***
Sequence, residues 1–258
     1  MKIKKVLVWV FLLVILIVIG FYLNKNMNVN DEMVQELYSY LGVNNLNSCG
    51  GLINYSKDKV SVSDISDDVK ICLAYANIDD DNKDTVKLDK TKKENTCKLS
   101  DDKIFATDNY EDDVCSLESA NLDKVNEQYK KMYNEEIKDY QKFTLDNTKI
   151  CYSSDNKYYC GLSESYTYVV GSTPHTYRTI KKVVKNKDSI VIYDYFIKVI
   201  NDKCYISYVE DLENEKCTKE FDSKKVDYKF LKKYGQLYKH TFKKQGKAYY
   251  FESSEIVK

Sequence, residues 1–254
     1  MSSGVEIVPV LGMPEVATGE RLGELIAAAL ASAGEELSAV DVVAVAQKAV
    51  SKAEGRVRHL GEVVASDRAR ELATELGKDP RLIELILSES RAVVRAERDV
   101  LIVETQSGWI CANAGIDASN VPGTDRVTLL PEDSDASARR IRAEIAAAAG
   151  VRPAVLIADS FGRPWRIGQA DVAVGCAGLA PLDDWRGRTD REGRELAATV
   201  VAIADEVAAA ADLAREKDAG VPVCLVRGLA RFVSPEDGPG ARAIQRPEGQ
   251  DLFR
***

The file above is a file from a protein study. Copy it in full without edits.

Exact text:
Sequence, residues 1–258
     1  MKIKKVLVWV FLLVILIVIG FYLNKNMNVN DEMVQELYSY LGVNNLNSCG
    51  GLINYSKDKV SVSDISDDVK ICLAYANIDD DNKDTVKLDK TKKENTCKLS
   101  DDKIFATDNY EDDVCSLESA NLDKVNEQYK KMYNEEIKDY QKFTLDNTKI
   151  CYSSDNKYYC GLSESYTYVV GSTPHTYRTI KKVVKNKDSI VIYDYFIKVI
   201  NDKCYISYVE DLENEKCTKE FDSKKVDYKF LKKYGQLYKH TFKKQGKAYY
   251  FESSEIVK

Sequence, residues 1–254
     1  MSSGVEIVPV LGMPEVATGE RLGELIAAAL ASAGEELSAV DVVAVAQKAV
    51  SKAEGRVRHL GEVVASDRAR ELATELGKDP RLIELILSES RAVVRAERDV
   101  LIVETQSGWI CANAGIDASN VPGTDRVTLL PEDSDASARR IRAEIAAAAG
   151  VRPAVLIADS FGRPWRIGQA DVAVGCAGLA PLDDWRGRTD REGRELAATV
   201  VAIADEVAAA ADLAREKDAG VPVCLVRGLA RFVSPEDGPG ARAIQRPEGQ
   251  DLFR